China needs a plan to deal with rising US trade tensions
Senior policy adviser Wang Yiming warns of the economic dangers that lie ahead for the world’s second-largest economy
It is not exactly doom and gloom, but dark clouds are beginning to gather over China’s economy. In a stark warning from one of the country’s senior policy advisers, Beijing should start preparing for a downturn in domestic demand, slower export growth and rising trade tensions with the United States.
During the past six months, the economic environment has started to change as the government’s war on debt squeezes major infrastructure projects and corporate borrowing.
This, in turn, will eventually act as a brake and drag down growth in the second half of the year, Wang Yiming, a vice-minister at the Development Research Center of the State Council, an influential think tank, stressed.
To combat the risks, he called on President Xi Jinping’s administration to “keep its macroeconomic policy consistent and press ahead with the structural reform and the deleveraging campaign to stabilize expectations.”
“At the same time, we need to adopt bottom-line thinking and draft all types of contingency plans to take targeted measures [to] appropriately deal with the trade friction [with the US],” he said at a seminar, which was reported by Caixin, the business and financial news organization based in Beijing.
Wang’s remarks are particularly striking since the State Council is recognized as the de-facto cabinet of China’s Communist government.
Last week, it rolled out plans to ease monetary policy which had been tightened to clamp down on debt bubbles forming in state-owned enterprises, local governments and the broader corporate world.
Major banks were urged to boost support for “small and micro businesses,” after Sunday’s announcement that the People’s Bank of China would cut the reserve requirement ratios, or RRR, for leading lenders by 50 basis points in early July and accelerate the pace of debt-for-equity swaps.
“The move is an implementation of decisions made at a State Council executive meeting on June 20,” the PBOC, or China’s central bank, stated.
“Funds released by the cut were about 700 billion yuan (US$108 billion), with 200 billion yuan set for easing credit strain for small and micro businesses,” it added in a report by Xinhua, the government’s official news agency.
The decision comes at a time when Beijing is embroiled in a tit-for-tat trade row with Washington with President Donald Trump threatening to impose another round of tariffs worth up to $450 billion on Chinese imports.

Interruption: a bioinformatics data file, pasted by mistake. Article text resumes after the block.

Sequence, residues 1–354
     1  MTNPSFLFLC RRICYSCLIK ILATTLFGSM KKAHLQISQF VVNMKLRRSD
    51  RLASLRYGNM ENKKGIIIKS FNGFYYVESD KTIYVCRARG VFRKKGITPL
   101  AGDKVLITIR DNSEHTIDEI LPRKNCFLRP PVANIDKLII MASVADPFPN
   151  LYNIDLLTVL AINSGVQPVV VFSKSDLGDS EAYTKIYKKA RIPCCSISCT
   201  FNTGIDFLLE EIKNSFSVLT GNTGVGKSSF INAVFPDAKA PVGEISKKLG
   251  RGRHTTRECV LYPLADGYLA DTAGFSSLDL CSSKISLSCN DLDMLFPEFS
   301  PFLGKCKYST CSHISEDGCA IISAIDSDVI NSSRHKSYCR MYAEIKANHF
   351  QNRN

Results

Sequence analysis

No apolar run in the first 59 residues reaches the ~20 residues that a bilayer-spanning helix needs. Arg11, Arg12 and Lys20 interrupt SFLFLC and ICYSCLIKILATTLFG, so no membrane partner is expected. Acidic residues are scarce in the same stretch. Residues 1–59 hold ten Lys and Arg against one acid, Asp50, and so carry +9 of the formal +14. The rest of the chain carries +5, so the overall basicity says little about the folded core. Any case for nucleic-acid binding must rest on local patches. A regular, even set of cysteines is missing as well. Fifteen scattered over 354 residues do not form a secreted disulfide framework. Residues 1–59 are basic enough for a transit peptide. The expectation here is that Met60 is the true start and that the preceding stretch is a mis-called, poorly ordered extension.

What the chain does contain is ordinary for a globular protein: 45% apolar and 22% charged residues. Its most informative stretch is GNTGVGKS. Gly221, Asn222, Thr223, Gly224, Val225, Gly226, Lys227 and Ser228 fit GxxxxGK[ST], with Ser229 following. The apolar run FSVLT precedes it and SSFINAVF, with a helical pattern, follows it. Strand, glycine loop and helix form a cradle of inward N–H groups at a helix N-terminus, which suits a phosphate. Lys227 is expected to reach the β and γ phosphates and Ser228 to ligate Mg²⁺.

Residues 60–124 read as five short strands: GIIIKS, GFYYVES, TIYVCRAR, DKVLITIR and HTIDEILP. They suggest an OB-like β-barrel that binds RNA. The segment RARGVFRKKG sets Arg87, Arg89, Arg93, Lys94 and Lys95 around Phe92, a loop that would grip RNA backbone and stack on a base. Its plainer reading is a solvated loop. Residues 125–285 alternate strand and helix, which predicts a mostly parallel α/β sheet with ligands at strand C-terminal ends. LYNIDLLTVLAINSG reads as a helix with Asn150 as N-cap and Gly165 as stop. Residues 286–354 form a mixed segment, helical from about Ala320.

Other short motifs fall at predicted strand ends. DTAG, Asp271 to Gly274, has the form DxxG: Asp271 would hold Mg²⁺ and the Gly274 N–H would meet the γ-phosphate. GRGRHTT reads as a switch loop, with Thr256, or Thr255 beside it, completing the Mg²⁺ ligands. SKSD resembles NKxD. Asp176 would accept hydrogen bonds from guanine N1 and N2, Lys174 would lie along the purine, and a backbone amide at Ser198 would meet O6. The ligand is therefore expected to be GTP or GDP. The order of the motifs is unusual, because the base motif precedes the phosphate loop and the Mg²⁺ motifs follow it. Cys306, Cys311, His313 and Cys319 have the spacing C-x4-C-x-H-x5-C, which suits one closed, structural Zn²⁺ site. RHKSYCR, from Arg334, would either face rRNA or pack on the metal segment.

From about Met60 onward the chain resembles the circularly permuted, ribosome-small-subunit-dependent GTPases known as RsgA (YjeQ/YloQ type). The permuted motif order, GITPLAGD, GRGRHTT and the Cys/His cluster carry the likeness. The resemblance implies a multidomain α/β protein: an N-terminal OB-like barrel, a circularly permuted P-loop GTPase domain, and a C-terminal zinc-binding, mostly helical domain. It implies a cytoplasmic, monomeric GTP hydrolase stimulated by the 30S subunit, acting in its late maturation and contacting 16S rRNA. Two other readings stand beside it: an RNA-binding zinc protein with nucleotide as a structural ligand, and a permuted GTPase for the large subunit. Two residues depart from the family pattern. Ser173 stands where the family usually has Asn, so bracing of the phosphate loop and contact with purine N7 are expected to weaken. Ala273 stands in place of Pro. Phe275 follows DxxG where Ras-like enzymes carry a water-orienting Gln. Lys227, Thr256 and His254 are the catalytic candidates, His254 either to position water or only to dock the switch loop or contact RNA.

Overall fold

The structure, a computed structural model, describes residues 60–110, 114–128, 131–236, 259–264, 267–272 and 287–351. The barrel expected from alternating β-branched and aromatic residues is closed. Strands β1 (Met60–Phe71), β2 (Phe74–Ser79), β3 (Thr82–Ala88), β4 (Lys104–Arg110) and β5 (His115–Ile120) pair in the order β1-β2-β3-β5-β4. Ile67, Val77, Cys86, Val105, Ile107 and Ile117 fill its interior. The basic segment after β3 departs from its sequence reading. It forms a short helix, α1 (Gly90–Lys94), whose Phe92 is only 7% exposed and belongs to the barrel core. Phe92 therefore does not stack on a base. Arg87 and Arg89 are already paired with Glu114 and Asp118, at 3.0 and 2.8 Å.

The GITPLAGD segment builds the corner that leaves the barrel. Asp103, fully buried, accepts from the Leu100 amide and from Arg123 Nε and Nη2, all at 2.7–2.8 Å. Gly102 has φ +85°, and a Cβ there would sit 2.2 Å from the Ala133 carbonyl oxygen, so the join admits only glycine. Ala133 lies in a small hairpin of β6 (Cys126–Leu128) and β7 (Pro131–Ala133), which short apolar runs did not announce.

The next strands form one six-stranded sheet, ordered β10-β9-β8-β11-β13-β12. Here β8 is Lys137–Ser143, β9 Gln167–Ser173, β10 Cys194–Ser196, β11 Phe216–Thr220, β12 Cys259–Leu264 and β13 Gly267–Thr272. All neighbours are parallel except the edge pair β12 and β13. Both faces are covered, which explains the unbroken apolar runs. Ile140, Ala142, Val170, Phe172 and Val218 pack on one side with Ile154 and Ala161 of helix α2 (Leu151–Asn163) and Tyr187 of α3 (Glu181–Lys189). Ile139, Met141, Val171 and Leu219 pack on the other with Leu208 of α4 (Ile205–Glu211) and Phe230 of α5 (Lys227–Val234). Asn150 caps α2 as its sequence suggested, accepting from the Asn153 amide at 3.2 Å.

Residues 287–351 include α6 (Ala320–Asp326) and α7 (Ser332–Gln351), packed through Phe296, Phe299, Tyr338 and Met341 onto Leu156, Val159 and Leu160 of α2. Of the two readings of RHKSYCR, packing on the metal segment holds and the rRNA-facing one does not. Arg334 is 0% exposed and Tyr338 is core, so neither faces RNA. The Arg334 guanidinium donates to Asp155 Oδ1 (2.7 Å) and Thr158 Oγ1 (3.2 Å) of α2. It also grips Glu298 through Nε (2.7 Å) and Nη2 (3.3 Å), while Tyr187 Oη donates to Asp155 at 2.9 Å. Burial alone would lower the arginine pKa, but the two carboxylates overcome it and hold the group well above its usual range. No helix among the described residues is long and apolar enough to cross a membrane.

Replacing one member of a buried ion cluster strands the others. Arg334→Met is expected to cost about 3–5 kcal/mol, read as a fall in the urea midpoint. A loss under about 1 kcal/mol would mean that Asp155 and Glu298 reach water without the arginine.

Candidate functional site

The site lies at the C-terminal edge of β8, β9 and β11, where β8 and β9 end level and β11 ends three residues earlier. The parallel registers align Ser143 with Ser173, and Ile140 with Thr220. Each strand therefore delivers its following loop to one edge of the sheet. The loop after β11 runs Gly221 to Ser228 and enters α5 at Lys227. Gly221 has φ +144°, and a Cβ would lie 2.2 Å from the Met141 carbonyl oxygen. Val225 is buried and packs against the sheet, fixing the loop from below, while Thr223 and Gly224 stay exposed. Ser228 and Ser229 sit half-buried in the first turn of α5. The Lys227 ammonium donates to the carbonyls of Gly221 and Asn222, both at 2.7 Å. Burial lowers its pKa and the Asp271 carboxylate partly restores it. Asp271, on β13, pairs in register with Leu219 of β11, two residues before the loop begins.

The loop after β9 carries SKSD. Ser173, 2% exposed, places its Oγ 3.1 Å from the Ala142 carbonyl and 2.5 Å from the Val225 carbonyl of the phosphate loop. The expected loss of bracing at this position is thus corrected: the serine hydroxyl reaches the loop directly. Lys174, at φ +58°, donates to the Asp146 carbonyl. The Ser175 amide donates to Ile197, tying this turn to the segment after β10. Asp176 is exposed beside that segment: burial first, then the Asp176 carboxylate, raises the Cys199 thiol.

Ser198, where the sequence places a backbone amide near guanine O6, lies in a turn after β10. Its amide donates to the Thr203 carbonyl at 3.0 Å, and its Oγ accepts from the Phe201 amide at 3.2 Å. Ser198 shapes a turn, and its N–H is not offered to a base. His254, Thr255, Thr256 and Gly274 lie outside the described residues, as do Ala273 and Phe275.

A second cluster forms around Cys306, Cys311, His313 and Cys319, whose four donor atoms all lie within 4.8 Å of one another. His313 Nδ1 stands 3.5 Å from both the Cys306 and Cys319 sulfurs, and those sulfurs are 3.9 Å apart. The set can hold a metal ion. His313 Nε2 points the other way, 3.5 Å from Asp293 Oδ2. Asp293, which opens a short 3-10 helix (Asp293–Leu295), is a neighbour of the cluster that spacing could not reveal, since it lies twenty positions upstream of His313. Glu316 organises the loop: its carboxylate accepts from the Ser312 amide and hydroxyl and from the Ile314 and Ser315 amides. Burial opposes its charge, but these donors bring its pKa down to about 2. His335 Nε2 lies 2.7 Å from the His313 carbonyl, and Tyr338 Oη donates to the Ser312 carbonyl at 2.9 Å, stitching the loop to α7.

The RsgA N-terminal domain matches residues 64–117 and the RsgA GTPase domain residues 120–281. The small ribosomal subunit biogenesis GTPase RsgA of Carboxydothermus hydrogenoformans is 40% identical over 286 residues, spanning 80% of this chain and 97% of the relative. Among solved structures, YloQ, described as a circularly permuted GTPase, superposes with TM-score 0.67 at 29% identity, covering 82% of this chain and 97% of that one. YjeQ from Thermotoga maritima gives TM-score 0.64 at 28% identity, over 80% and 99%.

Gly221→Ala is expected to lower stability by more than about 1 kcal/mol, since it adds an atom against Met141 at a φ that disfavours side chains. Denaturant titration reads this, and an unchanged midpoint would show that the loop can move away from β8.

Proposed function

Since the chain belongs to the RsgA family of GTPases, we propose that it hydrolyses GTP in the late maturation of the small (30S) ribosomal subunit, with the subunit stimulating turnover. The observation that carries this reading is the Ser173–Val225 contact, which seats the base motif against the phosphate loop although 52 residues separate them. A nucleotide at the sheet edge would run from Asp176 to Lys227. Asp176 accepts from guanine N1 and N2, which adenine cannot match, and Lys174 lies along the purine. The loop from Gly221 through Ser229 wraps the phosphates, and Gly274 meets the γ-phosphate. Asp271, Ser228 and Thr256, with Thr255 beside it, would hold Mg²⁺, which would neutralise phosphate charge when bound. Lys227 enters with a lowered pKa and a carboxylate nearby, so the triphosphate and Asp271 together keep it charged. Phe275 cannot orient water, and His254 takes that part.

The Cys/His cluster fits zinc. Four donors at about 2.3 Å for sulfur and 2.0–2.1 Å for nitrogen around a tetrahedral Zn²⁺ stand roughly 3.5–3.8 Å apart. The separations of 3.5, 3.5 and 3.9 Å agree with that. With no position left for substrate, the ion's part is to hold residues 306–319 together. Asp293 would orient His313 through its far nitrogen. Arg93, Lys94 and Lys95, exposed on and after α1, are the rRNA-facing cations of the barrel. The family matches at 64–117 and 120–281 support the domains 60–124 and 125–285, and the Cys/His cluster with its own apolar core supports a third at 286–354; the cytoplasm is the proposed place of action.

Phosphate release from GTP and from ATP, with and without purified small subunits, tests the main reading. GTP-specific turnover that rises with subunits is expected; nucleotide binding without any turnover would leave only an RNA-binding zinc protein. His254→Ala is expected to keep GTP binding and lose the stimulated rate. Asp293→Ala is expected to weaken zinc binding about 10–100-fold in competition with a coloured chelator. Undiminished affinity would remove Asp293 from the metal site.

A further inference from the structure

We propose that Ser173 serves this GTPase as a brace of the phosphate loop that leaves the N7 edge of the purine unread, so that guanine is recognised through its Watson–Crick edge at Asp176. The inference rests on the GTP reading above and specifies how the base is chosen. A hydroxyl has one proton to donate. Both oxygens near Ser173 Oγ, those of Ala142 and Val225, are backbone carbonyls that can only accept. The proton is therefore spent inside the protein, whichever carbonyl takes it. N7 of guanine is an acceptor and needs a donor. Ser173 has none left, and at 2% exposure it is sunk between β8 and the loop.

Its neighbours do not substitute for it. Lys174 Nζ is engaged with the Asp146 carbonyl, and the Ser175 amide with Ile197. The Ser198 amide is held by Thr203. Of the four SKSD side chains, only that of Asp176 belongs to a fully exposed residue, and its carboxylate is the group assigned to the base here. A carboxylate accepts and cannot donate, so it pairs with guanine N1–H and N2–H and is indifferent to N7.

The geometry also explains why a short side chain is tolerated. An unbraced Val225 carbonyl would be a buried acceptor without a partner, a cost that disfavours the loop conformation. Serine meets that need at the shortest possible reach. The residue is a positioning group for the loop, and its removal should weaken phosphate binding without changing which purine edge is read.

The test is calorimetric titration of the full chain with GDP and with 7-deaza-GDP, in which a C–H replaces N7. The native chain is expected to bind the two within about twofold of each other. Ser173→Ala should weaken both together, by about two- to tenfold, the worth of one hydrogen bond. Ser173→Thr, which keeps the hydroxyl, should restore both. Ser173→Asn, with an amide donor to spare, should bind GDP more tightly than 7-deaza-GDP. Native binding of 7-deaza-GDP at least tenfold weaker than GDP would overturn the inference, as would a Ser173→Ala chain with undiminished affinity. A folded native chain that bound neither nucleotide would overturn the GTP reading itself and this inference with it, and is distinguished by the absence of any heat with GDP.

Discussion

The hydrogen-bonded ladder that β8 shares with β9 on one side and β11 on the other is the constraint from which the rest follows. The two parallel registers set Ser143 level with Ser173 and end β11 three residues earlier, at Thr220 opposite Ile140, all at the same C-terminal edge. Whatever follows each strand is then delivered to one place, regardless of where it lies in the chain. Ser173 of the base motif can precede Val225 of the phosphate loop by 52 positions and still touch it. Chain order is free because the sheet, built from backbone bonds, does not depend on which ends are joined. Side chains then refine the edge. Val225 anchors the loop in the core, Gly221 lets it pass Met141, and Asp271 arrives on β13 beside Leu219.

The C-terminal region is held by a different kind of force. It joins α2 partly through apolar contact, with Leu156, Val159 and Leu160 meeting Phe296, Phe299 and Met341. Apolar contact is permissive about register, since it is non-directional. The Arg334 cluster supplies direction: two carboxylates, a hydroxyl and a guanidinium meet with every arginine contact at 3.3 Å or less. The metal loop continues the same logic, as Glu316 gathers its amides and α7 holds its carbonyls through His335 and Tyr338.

At the heart of the dispute are concerns about intellectual property rights in high-tech industries, as well as the ballooning deficit between the US and China.
To put that into perspective, last month the figure swelled to $24.6 billion while between January and March it was $58 billion.
In 2017, the US trade deficit with China hit a record $375.2 billion, with the world’s second-largest economy importing American goods worth $129.8 billion compared to exports of $507.4 billion, US data showed.
“The fundamental reality is that talk is cheap,” Peter Navarro, the White House trade adviser, told the media in a conference call last week, adding that China “may have underestimated the strong resolve of President Donald J. Trump.”
“If they thought that they could buy us off cheap with a few extra products sold and allow them to continue to steal our intellectual property and crown jewels, that was a miscalculation,” he added.
Apart from a range of tariffs on American imports, China’s response could involve sanctions on US blue-chip brands, such as Boeing, Apple and Nike, according to the state-owned media.
Derek Scissors, a China scholar at the American Enterprise Institute, a Washington think tank, spelled out the reality of the situation when he said that Beijing was running out of US imports to target.
He also stressed that the White House’s broader plan to curtail Xi’s high-tech “Made in China 2025” policy could only be achieved after a long and bitter trade war.
“As I’ve said from the beginning, China will back off its industrial plans only when US trade measures are large and lasting enough to threaten the influx of foreign exchange,” he said. “Not due to announcements.”
For Wang, a former deputy secretary-general of the National Development and Reform Commission, the country’s main economic-planning agency, the “Sino-US trade dispute is the biggest uncertainty.”
Last month’s data was mixed with exports defying market expectations. But figures released by China’s National Bureau of Statistics revealed that retail sales increased by just 8.5%, a significant drop compared to an increase of 9.4% in April, and the slowest pace of expansion since June 2003, Reuters news agency reported.
Another key driver of economic growth also showed that infrastructure spending slowed to 9.4% in the first five months, compared to a leap of 12.4% between January and April.
“Trade data in May beat market expectations as exporters, fearing [that] additional [US] tariffs [will] be put in place in the second half of the year, rushed to front-load,” Wang said. “That might presage that export growth in the second half of the year could decline.”
Official data also confirmed that fixed-asset investment, another major indicator of domestic demand, was a mere 6.1% between January and May compared to the same period in 2017.
Again, this was the slowest growth since figures were first released in February 1998. “[This was] very worrying,” Wang pointed out, adding that it could be the start of a long-term trend.
If it is, his message to ‘prepare for the worst’ is bound to have Beijing’s economic policy-makers burning the midnight oil in the months ahead.